Bild © R. Mortel,
Photo credits see below
Down through the centuries, European nobles assembled collections of ancient sculptures, which they called “glyptotheques”. The practice of making plaster casts of sculptures from antiquity began in the 1700s, since the demand for such sculptures far exceeded the number of those which had survived.
Thirty years ago we started collecting plaster casts of classical violin, viola, and cello archings. Our collection currently contains over 100 plaster casts of archings, details, and scrolls.
Such plaster casts usually emerge as a by-product during restoration. When we are working on patches or carrying out major corrections on the arching of an instrument, we need to have counter-forms in order to subsequently support the form of the original. Once the restoration is finished, the plaster cast remains, and it can serve as a basis to cast a new, positive form.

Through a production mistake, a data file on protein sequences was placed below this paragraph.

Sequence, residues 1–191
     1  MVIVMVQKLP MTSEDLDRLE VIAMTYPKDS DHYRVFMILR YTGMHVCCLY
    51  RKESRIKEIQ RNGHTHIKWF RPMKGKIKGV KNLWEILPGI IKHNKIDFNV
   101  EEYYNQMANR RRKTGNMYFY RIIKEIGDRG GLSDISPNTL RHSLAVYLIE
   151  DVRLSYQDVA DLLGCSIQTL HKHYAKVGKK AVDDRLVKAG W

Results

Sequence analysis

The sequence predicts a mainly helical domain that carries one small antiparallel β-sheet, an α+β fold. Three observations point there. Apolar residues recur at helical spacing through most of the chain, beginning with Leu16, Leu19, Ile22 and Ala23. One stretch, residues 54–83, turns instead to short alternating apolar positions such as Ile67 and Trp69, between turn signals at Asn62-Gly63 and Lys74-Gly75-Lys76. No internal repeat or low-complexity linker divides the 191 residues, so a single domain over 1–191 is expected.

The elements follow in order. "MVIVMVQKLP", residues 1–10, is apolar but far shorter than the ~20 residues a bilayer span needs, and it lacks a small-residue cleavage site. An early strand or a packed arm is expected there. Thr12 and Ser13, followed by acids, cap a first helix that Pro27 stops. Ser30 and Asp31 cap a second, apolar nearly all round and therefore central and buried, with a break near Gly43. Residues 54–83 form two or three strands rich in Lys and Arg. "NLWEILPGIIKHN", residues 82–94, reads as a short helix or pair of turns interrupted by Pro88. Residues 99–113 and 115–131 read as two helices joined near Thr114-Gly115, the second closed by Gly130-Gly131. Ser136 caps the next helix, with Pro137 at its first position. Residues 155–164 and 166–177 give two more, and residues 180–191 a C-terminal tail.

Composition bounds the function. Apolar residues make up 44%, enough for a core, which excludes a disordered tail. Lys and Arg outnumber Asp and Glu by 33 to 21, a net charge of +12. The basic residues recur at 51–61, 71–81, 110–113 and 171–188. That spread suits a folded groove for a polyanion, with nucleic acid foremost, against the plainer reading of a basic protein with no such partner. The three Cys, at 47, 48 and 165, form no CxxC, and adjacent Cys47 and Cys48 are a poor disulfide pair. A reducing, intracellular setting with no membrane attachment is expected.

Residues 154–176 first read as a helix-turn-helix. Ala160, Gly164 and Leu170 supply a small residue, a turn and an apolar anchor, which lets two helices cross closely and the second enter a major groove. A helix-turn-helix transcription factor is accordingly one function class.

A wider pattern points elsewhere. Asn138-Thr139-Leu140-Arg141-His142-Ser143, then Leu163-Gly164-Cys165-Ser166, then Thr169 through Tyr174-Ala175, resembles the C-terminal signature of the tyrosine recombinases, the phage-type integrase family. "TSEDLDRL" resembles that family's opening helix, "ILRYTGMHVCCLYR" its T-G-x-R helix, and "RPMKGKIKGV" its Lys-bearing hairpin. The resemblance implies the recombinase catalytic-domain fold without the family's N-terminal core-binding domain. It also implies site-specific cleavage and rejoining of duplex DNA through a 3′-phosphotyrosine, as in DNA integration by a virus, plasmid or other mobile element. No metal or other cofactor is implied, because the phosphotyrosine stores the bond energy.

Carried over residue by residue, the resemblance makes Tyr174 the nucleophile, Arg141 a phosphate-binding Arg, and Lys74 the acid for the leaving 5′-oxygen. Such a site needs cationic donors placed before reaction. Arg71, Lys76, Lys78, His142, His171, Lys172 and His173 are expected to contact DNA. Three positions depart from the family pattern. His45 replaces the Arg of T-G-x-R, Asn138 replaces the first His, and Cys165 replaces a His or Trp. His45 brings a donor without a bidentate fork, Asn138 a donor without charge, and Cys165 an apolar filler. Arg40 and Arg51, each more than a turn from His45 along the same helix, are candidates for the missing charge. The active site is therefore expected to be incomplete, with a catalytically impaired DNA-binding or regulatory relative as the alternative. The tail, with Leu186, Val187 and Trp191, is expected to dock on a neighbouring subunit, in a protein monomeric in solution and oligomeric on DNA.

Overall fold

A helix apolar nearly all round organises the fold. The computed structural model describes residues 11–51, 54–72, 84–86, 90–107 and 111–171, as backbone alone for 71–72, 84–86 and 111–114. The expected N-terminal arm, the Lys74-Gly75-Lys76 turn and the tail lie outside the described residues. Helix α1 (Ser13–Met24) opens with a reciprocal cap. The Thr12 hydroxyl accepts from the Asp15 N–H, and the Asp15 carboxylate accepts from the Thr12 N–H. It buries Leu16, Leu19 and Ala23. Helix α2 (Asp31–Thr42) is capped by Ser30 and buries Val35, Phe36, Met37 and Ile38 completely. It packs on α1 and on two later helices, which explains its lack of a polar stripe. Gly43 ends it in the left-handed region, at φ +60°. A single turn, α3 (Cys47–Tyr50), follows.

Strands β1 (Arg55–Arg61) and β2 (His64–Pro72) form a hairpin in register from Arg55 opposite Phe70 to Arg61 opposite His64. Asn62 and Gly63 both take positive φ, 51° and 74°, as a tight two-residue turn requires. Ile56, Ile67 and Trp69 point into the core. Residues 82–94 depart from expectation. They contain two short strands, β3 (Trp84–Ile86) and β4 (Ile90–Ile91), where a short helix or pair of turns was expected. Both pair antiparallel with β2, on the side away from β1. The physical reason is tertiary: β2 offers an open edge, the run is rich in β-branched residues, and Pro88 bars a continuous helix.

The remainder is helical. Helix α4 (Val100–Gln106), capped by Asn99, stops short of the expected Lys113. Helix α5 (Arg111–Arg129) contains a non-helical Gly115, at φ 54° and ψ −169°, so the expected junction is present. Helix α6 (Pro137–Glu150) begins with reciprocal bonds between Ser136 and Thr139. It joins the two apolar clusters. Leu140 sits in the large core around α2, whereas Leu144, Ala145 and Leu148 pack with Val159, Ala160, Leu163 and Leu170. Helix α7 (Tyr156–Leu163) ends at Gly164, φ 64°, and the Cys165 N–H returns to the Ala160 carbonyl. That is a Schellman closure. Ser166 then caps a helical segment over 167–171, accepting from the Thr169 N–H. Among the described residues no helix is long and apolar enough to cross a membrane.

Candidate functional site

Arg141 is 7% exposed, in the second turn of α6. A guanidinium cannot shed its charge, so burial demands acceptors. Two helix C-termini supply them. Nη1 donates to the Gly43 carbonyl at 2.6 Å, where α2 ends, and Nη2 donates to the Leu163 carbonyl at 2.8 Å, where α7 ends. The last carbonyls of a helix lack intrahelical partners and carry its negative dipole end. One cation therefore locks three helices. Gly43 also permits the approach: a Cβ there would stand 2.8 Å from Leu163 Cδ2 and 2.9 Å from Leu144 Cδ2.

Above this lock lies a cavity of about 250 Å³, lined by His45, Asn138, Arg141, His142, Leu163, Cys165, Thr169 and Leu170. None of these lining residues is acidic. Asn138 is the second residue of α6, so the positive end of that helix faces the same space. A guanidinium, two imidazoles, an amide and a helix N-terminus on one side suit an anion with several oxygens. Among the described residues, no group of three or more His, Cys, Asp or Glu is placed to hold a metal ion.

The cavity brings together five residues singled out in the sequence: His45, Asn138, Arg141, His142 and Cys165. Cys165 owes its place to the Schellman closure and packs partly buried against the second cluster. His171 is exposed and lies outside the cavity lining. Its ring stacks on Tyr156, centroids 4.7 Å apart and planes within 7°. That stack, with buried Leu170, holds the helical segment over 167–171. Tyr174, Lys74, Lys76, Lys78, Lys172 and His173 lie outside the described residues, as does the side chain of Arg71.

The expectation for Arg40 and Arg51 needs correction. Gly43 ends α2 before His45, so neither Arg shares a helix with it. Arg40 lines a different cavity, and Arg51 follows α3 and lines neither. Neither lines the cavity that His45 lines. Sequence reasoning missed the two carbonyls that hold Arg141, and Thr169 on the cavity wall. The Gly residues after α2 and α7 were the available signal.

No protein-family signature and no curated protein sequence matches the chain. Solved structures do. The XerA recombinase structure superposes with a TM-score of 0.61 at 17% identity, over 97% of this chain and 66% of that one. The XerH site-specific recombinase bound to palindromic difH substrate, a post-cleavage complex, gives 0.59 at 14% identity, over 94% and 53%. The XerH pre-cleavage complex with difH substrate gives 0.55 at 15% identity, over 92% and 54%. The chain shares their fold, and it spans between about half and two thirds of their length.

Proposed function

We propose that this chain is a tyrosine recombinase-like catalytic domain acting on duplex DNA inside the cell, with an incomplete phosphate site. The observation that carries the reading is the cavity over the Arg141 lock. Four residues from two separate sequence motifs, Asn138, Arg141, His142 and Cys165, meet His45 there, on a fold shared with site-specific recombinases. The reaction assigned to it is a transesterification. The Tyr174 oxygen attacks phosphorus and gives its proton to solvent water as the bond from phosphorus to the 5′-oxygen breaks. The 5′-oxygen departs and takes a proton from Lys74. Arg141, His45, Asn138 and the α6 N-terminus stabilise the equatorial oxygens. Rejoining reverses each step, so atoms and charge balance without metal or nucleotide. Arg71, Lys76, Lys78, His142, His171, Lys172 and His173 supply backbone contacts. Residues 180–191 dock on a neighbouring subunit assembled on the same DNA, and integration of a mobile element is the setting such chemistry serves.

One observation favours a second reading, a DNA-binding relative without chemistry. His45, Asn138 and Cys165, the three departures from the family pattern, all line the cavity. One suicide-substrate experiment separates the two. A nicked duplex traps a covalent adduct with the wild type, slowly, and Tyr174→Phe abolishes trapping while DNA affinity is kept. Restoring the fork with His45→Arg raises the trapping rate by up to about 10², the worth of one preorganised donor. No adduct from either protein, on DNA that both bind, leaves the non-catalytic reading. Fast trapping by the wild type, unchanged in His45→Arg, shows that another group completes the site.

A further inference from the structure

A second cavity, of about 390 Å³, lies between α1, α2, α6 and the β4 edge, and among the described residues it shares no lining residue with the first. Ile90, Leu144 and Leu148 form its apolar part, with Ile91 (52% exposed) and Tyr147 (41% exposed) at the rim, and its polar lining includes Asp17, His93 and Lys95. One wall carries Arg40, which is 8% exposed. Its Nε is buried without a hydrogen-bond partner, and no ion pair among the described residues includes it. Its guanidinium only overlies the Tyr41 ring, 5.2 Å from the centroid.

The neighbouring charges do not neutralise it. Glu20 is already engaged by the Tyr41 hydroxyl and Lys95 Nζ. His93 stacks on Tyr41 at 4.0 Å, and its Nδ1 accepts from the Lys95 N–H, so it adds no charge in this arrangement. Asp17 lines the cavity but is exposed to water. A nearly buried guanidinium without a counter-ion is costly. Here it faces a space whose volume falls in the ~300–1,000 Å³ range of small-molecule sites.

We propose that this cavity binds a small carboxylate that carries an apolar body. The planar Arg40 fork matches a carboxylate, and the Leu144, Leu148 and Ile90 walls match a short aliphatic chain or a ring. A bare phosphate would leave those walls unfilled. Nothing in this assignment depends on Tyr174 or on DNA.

In the meantime, a whole new area of research and data collection has opened up: thanks to CT scans of classical master violins. In the 1990s, radiologist Steven A. Sirr, M.D. started to scan violins with medical CT scanners. Nowadays the medical viewing software has become available for anyone with a normal Apple Macintosh computer, so with the help of this software we can look inside the instruments, and contemplate and compare the inner archings and thicknesses at any spot of the scanned instrument.
By now we have collected over 120 complete scanned datasets of old master instruments in our archives.
Thanks a million to Steve Sirr, who provided us Oberliners with all these scans!
upper picture / glyptotheque:
Photo: Richard Mortel
Licence: [Creative Commons BY 2.0
via Wikimedia Commons
middle picture / violin in CT-Scanner:
© Steve Sirr, Minneapolis
lower picture / Stradivari - violin "Betts", virtual slice at soundpost
CT Scanning and processing by Steve Sirr.